When I was 9 years old I got my first computer, an Amiga 500. It was the best computer ever built, with great graphics, amazing sound and seven times faster than the Commodore 64. One of my friends said that the Amiga was useless since you needed to boot it from floppies. On the C64 you could program without even a cassette.
Of course the C64 died while the Amiga flourished. The Amiga later died when even better technology came along. We all know how evolution works, except one industry that refuses to evolve: the entertainment industry.
Instead of looking at evolution as something inevitable, the industry has made it their business to refuse and/or sue change, by any necessary means.
In the case of The Pirate Bay, it’s been particularly obvious. My fellow co-founders — Fredrik Neij, Carl Lundström, Gottfrid Svartholm — and I were convicted in 2009 of contributory copyright infringement. Last week the Supreme Court of Sweden refused to hear our appeal. We each face between four months and one year in prison. My sentence was eight months.
Of course I would have preferred to win in the Supreme Court as personal vindication and to vacate my sentence. But beyond that, the Court has squandered a golden opportunity to define how to interpret the European Union directives for digital information. That decision not to decide has prompted many legal experts in Sweden to question the motives of denying the appeal. But the questionable decisions started long before that.
The Swedish prosecutor sent out a memo in 2006 saying that TPB wasn’t guilty of “main” crimes — at best it aids and abets (he also mentioned that the people running TPB were very clever). But Hollywood was not happy with this and forced the Swedish Minister of Justice to visit the White House and talk about it. The United States told Sweden that if they didn’t get rid of the site, they would not be allowed to trade with the U.S.!
The minister (illegally) told the prosecutor what had happened which forced him to raid TPB — only a few weeks after sending out that memo about how legal it was.
Evidently, Warner Brothers felt that the investigation was taking too long. The studio contacted the police officer in charge of the investigation (one person that worked mostly by himself) and before I had even been questioned by him, he interviewed for a job with Warner Brothers.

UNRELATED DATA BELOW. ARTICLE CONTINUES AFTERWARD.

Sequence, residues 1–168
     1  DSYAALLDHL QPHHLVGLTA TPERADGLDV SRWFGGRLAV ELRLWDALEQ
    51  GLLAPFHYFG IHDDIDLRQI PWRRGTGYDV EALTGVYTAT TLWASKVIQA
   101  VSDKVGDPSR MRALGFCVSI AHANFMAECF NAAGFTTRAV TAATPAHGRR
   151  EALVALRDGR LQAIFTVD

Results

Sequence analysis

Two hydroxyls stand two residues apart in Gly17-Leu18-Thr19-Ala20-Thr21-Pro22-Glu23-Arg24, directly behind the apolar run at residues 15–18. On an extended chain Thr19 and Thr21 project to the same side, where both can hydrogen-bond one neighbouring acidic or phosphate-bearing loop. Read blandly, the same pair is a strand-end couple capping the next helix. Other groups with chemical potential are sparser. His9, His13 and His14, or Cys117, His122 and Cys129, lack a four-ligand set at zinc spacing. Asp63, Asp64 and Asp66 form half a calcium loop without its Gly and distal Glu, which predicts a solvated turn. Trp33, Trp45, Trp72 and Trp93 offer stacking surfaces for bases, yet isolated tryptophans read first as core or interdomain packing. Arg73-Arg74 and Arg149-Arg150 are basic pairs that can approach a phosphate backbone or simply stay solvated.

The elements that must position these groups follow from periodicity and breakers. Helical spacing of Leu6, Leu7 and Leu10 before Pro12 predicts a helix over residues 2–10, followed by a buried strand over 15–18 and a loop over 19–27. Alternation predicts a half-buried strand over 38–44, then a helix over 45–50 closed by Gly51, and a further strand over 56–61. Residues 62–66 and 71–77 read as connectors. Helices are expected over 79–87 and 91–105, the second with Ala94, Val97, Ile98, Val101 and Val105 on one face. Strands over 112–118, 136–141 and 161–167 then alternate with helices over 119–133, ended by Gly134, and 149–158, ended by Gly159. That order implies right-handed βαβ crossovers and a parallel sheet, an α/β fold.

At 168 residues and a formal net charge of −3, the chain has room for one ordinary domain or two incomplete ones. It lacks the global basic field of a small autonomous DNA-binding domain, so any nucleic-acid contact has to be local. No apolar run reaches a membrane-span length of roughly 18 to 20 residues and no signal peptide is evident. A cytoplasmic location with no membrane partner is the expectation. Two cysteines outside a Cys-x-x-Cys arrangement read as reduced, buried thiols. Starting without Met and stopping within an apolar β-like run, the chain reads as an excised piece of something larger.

When we found out he’d been hired (by him changing his employer from “Polisen” to “Warner Bros” on Facebook) the reply we got was that it was proof that Swedish IT police are of such high caliber that even the big U.S. companies would hire them.
I got promoted from “witness” to “suspect” a week after the job was promised.
During the trial it turned out that the judge was the chairman for the Swedish pro-copyright society, one lay judge ran a record company, another one was formerly the chairman for the songwriter lobby organization. I could go on.
The problem here is that we’re allowing this dying industry to dictate the terms of our democracy. We allow them to dictate new laws (ACTA, SOPA, PIPA, IPRED, IPRED2, TPP, TRIPS, to name a few recent ones) that forbid evolution. If you don’t give up before you’re sued, they corrupt the legal system.
As I wrote immediately after the Supreme Court’s refusal to hear our appeal: “Today I urge everyone to make sure that the entertainment industry does not profit from them anymore. Stop seeing their movies. Stop listening to their music. Make sure that you find alternative ways to culture.
“Spread and participate in culture. Remix, reuse, use, abuse. Make sure no one controls your mind. Create new systems and technology that circumvent the corruption. Start a religion. Start your own nation, or buy one. Buy a bus. Crush it to pieces.”
The internet is being controlled by a corrupt industry. We need to stop it.
Peter Sunde is a co-founder and ex-spokesperson of The Pirate Bay, a BitTorrent search engine. He also founded Flattr, a micropayments system